Paroxysmal kinesigenic dyskinesia (PKD) is an episodic, brief movement disorder triggered by sudden movements. The phenomenology of the movements may be dystonic and/or choreic, typically lasting less than 1 minute, and occurring as often as 10–100 times per day. Initial linkage studies mapped PKD to the pericentromeric region of chromosome 16,1 which supported the 2011 discovery of heterozygous truncating mutations in the PRRT2 gene (16p11.2) as a highly penetrant cause of familial PKD.2 Since then, multiple mutations in PRRT2 have been reported among patients with PKD and other related phenotypes including benign familial infantile epilepsy (BFIE) and infantile convulsions with choreoathetosis (ICCA) syndrome.3 Most of the reported PRRT2 mutations are nonsense, frameshift, and splice site mutations predicted to result in truncation of the PRRT2 protein and haploinsufficiency, including the most common c.629dupC (p.Arg217Profs*8) mutation.3
Microdeletions of chromosome 16p11.2 that include PRRT2 and over 20 neighboring genes have also been implicated as a rare cause of PKD, with only four patients reported to date.4–7 More commonly, these proximal 16p11.2 microdeletions have been detected among patients with variable clinical features including developmental delays, intellectual disability, minor dysmorphic facial features, and/or autism spectrum disorder (ASD).8–10 These proximal 16p11.2 microdeletions typically occur de novo in affected probands; however, recent studies have identified the aberration in some control subjects and only mildly affected individuals,11–16 suggesting that this deletion may have incomplete penetrance and/or variable expressivity. We report a fifth patient with PKD and a proximal 16p11.2 microdeletion, review the related PKD cases reported to date, and propose phenotypic clues to facilitate a diagnosis of PKD in the context of the 16p11.2 microdeletion syndrome.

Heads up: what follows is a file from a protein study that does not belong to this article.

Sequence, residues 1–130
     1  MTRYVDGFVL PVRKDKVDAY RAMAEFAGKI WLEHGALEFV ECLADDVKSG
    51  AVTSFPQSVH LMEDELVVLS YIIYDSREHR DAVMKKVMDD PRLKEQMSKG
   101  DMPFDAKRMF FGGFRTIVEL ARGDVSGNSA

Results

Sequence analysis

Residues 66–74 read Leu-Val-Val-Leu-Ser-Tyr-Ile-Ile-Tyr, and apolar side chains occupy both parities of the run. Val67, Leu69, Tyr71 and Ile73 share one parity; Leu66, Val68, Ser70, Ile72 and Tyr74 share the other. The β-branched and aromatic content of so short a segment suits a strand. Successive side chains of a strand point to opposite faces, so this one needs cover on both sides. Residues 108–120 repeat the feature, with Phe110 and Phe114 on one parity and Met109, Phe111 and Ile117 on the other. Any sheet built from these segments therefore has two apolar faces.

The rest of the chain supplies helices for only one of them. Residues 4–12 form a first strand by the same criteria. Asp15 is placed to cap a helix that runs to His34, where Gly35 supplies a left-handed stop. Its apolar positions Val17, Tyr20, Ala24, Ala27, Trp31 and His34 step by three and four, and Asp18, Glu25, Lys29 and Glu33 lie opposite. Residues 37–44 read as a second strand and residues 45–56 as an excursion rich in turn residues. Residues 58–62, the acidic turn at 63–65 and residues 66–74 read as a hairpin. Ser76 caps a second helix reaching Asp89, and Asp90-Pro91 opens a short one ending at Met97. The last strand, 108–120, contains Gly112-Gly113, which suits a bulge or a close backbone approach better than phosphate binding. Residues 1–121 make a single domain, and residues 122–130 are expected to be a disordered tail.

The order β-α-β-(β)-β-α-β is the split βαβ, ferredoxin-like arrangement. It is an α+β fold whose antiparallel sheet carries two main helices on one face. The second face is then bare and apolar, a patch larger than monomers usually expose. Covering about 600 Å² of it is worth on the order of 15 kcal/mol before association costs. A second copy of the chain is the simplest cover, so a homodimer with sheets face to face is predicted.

A 12-year-old boy developed his first paroxysmal episode at age 10.5 years. Episodes were triggered by sudden movement after a period of inactivity such as sitting in a car or watching television on a couch. During attacks, there was dystonia of both arms and trunk with flexion of the left elbow and extension of the right elbow, sometimes back arching, typically lasting 5–10 seconds (Video 1). The frequency of the episodes was initially one or two times per month, but subsequently increased to 4–12 times per day without treatment. He did not lose consciousness during the events, and electroencephalography was unremarkable.
After one of his dystonic episodes, he developed back pain, and spine imaging revealed grade 2 spondylolisthesis involving the lower back. No other vertebral abnormality was identified. His history was also notable for features of Asperger’s syndrome with mild delay in language milestone acquisition, which prompted speech and occupational therapies around age 4–5 years. Motor milestones were normal and there was no history of seizures. He currently attends regular school. He was treated with carbamazepine, up to 250 mg/day, with marked improvement in the frequency and severity of the episodes, but with worsening anxiety. He also had good response to phenytoin but developed swollen gums. Carbamazepine was reintroduced, up to 200 mg/day with improvement, but he then developed leukopenia (white blood cell count of 2,800/µL). He could not tolerate oxcarbazepine, and topiramate was not effective.